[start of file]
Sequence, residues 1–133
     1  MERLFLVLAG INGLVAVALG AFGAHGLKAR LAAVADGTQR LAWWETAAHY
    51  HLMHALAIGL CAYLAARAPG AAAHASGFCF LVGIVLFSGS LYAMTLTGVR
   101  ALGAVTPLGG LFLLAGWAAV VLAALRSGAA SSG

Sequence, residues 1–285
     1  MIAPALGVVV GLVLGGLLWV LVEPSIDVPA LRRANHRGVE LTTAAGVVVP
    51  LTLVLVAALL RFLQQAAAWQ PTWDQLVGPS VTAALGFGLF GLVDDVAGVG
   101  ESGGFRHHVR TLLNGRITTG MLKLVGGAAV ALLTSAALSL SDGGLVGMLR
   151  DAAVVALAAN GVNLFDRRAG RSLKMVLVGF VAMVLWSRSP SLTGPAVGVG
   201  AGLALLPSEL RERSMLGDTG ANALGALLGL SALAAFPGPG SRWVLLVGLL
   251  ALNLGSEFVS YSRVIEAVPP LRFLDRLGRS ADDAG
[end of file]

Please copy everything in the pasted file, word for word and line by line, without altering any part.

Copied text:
Sequence, residues 1–133
     1  MERLFLVLAG INGLVAVALG AFGAHGLKAR LAAVADGTQR LAWWETAAHY
    51  HLMHALAIGL CAYLAARAPG AAAHASGFCF LVGIVLFSGS LYAMTLTGVR
   101  ALGAVTPLGG LFLLAGWAAV VLAALRSGAA SSG

Sequence, residues 1–285
     1  MIAPALGVVV GLVLGGLLWV LVEPSIDVPA LRRANHRGVE LTTAAGVVVP
    51  LTLVLVAALL RFLQQAAAWQ PTWDQLVGPS VTAALGFGLF GLVDDVAGVG
   101  ESGGFRHHVR TLLNGRITTG MLKLVGGAAV ALLTSAALSL SDGGLVGMLR
   151  DAAVVALAAN GVNLFDRRAG RSLKMVLVGF VAMVLWSRSP SLTGPAVGVG
   201  AGLALLPSEL RERSMLGDTG ANALGALLGL SALAAFPGPG SRWVLLVGLL
   251  ALNLGSEFVS YSRVIEAVPP LRFLDRLGRS ADDAG